A team of researchers from MIT’s Computer Science and Artificial Intelligence Laboratory (CSAIL) and ETH Zurich hope to make drone cinematography more accessible, simple, and reliable.
At the International Conference on Robotics and Automation later this month, the researchers will present a system that allows a director to specify a shot’s framing — which figures or faces appear where, at what distance. Then, on the fly, it generates control signals for a camera-equipped autonomous drone, which preserve that framing as the actors move.
As long as the drone’s information about its environment is accurate, the system also guarantees that it won’t collide with either stationary or moving obstacles.
“There are other efforts to do autonomous filming with one drone,” said Daniela Rus, an Andrew and Erna Viterbi Professor of Electrical Engineering and Computer Science at MIT and a senior author on the new paper. “They can follow someone, but if you turn 180°, then you will show your back to the drone. This is a much coarser approach than what we are able to do. With our solution, if you turn 180°, our drones are able to circle around and get back to your face. What we are able to do is richer and offers more ways to describe how you would like the scene.”
Joining Rus on the paper are Javier Alonso-Mora, who was a postdoc in her group when the work was done and is now an assistant professor of robotics at the Delft University of Technology; Tobias Nägeli, a graduate student at ETH Zurich and his advisor Otmar Hilliges, an assistant professor of computer science; and Alexander Domahidi, CTO of Embotech, an autonomous-systems company that spun out of ETH.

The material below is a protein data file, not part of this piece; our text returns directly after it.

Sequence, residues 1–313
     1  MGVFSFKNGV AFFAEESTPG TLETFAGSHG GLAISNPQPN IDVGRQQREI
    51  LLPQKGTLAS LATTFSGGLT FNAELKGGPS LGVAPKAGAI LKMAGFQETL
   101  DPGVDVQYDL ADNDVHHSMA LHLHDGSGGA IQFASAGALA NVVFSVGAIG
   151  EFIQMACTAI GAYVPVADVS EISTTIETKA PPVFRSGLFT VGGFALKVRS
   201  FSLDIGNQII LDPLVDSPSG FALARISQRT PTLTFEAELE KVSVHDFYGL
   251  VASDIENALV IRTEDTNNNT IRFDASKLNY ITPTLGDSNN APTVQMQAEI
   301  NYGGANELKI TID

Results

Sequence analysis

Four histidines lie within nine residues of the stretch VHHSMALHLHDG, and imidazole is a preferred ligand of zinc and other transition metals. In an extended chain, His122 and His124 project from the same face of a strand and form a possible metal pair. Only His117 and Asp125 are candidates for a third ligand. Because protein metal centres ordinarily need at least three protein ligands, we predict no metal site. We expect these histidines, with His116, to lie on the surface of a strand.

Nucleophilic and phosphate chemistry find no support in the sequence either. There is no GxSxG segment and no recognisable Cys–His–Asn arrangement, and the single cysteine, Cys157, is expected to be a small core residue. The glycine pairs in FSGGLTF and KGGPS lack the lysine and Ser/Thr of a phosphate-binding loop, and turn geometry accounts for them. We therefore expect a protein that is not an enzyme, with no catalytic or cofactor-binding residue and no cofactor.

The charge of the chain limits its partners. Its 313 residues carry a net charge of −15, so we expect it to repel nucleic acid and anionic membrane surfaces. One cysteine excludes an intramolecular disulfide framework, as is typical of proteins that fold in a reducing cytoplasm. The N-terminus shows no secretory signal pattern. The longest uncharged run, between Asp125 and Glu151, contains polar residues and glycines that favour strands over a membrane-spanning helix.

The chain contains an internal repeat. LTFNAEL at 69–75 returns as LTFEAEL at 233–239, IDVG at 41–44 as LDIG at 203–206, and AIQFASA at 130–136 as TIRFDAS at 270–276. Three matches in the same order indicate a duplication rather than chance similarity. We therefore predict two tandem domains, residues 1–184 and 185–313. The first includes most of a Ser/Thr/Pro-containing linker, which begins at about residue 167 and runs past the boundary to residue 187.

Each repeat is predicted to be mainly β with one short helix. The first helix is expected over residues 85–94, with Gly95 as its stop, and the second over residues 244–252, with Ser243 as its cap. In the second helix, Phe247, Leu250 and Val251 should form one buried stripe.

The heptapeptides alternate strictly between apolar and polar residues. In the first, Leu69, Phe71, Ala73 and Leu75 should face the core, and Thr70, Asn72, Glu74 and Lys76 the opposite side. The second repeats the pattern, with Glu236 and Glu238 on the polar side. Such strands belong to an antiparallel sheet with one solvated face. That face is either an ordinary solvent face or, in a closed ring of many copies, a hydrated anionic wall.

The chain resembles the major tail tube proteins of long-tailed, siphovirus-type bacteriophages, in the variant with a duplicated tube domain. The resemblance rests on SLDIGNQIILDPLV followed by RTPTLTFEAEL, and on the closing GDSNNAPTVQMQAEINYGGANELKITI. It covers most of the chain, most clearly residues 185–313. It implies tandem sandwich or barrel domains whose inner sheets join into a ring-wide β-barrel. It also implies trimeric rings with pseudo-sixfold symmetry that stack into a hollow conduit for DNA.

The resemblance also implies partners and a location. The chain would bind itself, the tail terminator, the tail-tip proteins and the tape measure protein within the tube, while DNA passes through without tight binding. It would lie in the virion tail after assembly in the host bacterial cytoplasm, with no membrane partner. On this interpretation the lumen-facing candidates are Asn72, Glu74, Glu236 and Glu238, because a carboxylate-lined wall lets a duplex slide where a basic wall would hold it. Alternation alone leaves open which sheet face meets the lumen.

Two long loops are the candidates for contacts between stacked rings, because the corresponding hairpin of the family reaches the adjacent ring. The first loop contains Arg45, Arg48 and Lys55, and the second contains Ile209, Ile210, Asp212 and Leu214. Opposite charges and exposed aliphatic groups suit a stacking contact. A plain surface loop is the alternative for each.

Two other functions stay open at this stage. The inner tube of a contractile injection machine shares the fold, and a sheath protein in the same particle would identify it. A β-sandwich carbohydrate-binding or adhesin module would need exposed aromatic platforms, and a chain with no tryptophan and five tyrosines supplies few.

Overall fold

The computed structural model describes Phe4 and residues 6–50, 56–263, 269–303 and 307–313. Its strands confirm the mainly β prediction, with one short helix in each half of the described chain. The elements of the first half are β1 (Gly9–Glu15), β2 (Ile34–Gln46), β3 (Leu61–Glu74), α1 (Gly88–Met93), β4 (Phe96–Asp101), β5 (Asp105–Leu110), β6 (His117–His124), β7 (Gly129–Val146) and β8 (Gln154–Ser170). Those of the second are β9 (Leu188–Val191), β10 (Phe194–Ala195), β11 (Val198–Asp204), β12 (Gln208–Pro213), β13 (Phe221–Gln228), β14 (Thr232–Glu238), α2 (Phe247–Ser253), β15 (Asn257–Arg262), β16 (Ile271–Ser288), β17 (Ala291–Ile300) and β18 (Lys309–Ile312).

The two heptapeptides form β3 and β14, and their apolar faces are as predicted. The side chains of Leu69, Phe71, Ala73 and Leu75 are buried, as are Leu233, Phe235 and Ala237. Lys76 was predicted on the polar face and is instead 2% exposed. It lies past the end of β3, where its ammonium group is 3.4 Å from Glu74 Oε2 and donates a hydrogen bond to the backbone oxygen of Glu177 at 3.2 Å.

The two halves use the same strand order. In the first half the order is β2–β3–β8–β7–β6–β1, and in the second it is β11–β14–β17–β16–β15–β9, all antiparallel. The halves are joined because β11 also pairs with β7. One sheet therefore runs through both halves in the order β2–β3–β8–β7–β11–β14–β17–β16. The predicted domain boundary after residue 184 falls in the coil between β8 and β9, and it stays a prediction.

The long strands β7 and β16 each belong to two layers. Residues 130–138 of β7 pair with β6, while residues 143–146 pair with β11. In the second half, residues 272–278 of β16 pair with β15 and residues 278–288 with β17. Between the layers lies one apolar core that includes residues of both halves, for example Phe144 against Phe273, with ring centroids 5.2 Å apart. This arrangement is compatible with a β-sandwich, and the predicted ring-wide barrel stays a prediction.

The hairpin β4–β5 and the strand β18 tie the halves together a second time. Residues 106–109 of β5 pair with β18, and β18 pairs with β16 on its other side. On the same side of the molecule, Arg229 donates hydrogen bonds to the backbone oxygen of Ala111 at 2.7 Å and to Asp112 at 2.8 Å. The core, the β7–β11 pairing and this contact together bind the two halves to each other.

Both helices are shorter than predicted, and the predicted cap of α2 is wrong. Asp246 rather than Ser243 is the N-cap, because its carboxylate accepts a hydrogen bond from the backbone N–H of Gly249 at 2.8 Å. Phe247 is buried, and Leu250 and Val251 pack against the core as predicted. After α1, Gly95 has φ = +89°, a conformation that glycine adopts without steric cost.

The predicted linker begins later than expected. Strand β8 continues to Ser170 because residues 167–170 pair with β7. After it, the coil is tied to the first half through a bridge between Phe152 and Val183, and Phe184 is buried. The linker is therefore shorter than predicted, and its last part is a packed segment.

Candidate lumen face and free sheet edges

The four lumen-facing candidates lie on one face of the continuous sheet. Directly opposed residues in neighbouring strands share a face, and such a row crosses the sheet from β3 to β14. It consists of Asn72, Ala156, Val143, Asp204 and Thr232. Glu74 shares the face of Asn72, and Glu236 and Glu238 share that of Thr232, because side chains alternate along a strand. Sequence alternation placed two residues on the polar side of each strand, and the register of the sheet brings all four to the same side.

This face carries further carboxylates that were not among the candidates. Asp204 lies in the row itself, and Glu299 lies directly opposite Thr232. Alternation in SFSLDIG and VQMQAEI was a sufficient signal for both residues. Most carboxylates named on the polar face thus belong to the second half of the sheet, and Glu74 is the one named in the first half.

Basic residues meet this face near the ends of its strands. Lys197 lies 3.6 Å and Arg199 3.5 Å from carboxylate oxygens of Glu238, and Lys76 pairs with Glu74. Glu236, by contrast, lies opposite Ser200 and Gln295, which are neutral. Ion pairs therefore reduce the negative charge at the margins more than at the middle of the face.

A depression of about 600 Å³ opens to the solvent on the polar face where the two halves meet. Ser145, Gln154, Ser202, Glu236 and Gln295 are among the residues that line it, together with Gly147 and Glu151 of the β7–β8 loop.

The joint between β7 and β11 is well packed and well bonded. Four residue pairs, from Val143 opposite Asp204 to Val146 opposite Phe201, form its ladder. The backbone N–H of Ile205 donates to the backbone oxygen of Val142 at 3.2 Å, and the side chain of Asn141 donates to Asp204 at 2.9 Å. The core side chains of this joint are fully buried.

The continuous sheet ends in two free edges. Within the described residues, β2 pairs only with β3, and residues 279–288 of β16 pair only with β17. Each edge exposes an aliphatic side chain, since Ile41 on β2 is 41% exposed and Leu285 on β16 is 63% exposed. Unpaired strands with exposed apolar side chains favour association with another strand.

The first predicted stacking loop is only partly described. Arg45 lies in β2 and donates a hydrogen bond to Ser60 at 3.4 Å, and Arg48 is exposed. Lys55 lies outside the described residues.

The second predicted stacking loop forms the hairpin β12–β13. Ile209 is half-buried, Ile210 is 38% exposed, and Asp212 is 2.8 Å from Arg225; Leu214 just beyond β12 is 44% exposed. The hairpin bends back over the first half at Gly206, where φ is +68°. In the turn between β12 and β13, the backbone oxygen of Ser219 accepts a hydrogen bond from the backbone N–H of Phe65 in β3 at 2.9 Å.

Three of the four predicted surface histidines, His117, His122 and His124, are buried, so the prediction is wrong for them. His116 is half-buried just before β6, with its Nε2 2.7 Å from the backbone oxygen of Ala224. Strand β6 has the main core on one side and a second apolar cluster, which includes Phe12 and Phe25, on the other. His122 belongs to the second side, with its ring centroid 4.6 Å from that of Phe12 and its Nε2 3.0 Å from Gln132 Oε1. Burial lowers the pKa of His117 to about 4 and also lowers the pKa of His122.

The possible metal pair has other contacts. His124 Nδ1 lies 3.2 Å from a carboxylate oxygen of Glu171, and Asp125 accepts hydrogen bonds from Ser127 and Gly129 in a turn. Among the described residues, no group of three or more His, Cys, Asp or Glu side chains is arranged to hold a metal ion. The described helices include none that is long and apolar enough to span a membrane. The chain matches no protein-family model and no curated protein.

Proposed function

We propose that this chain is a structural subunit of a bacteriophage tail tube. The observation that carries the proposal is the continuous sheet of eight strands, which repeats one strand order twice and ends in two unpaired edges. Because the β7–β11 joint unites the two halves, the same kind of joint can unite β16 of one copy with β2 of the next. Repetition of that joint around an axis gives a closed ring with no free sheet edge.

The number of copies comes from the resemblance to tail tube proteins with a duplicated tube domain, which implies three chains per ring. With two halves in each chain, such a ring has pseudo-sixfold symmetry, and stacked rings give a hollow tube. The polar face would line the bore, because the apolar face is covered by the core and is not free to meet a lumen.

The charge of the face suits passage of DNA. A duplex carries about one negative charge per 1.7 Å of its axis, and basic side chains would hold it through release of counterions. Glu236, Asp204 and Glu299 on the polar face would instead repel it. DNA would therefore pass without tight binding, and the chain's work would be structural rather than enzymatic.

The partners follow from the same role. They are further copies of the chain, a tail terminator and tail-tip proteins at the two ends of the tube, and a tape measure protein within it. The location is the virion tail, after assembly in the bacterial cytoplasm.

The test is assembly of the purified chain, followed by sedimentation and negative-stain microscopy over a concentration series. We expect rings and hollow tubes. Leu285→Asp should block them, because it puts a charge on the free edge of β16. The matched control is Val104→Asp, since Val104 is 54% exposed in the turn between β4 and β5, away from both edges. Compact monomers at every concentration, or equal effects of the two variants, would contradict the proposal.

In the picture
With the new system, the user can specify how much of the screen a face or figure should occupy, what part of the screen it should occupy, and what the subject’s orientation toward the camera should be — straight on, profile, three-quarter view from either side, or over the shoulder. Those parameters can be set separately for any number of subjects; in tests at MIT, the researchers used compositions involving up to three subjects.
Usually, the maintenance of the framing will be approximate. Unless the actors are extremely well-choreographed, the distances between them, the orientations of their bodies, and their distance from obstacles will vary, making it impossible to meet all constraints simultaneously. But the user can specify how the different factors should be weighed against each other. Preserving the actors’ relative locations onscreen, for instance, might be more important than maintaining a precise distance, or vice versa. The user can also assign a weight to minimize occlusion, ensuring that one actor doesn’t end up blocking another from the camera.
The key to the system, Alonso-Mora explained, is that it continuously estimates the velocities of all of the moving objects in the drone’s environment and projects their locations a second or two into the future. This buys it a little time to compute optimal flight trajectories and also ensures that it can get recover smoothly if the drone needs to take evasive action to avoid collision.
The system updates its position projections about 50 times a second. Usually, the updates will have little effect on the drone’s trajectory, but the frequent updates ensure that the system can handle sudden changes of velocity.
The researchers tested the system at CSAIL’s motion-capture studio, using a quadrotor (four-propeller) drone. The motion-capture system provided highly accurate position data about the subjects, the studio walls, and the drone itself.
In one set of experiments, the subjects actively tried to collide with the drone, marching briskly toward it as it attempted to keep them framed within the shot. In all such cases, it avoided collision and immediately tried to resume the prescribed framing.